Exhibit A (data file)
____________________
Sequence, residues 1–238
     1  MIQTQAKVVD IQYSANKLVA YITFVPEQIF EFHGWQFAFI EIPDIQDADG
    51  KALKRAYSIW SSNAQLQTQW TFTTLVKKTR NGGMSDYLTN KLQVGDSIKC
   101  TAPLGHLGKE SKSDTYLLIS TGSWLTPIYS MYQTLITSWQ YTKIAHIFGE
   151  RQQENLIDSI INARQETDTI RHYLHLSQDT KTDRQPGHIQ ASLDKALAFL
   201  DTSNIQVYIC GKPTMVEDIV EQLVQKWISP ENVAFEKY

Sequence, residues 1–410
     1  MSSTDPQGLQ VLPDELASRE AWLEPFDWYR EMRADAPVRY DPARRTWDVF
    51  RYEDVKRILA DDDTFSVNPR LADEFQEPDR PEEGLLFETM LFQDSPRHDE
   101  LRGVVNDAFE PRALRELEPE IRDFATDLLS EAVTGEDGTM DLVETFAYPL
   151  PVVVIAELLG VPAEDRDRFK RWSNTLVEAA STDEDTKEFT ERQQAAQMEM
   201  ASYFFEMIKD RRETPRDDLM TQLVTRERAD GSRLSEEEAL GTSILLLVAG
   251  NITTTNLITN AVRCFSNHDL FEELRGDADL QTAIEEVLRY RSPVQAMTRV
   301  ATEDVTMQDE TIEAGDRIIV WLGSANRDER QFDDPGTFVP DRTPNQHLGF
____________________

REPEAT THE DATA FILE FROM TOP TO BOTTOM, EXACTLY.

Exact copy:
Sequence, residues 1–238
     1  MIQTQAKVVD IQYSANKLVA YITFVPEQIF EFHGWQFAFI EIPDIQDADG
    51  KALKRAYSIW SSNAQLQTQW TFTTLVKKTR NGGMSDYLTN KLQVGDSIKC
   101  TAPLGHLGKE SKSDTYLLIS TGSWLTPIYS MYQTLITSWQ YTKIAHIFGE
   151  RQQENLIDSI INARQETDTI RHYLHLSQDT KTDRQPGHIQ ASLDKALAFL
   201  DTSNIQVYIC GKPTMVEDIV EQLVQKWISP ENVAFEKY

Sequence, residues 1–410
     1  MSSTDPQGLQ VLPDELASRE AWLEPFDWYR EMRADAPVRY DPARRTWDVF
    51  RYEDVKRILA DDDTFSVNPR LADEFQEPDR PEEGLLFETM LFQDSPRHDE
   101  LRGVVNDAFE PRALRELEPE IRDFATDLLS EAVTGEDGTM DLVETFAYPL
   151  PVVVIAELLG VPAEDRDRFK RWSNTLVEAA STDEDTKEFT ERQQAAQMEM
   201  ASYFFEMIKD RRETPRDDLM TQLVTRERAD GSRLSEEEAL GTSILLLVAG
   251  NITTTNLITN AVRCFSNHDL FEELRGDADL QTAIEEVLRY RSPVQAMTRV
   301  ATEDVTMQDE TIEAGDRIIV WLGSANRDER QFDDPGTFVP DRTPNQHLGF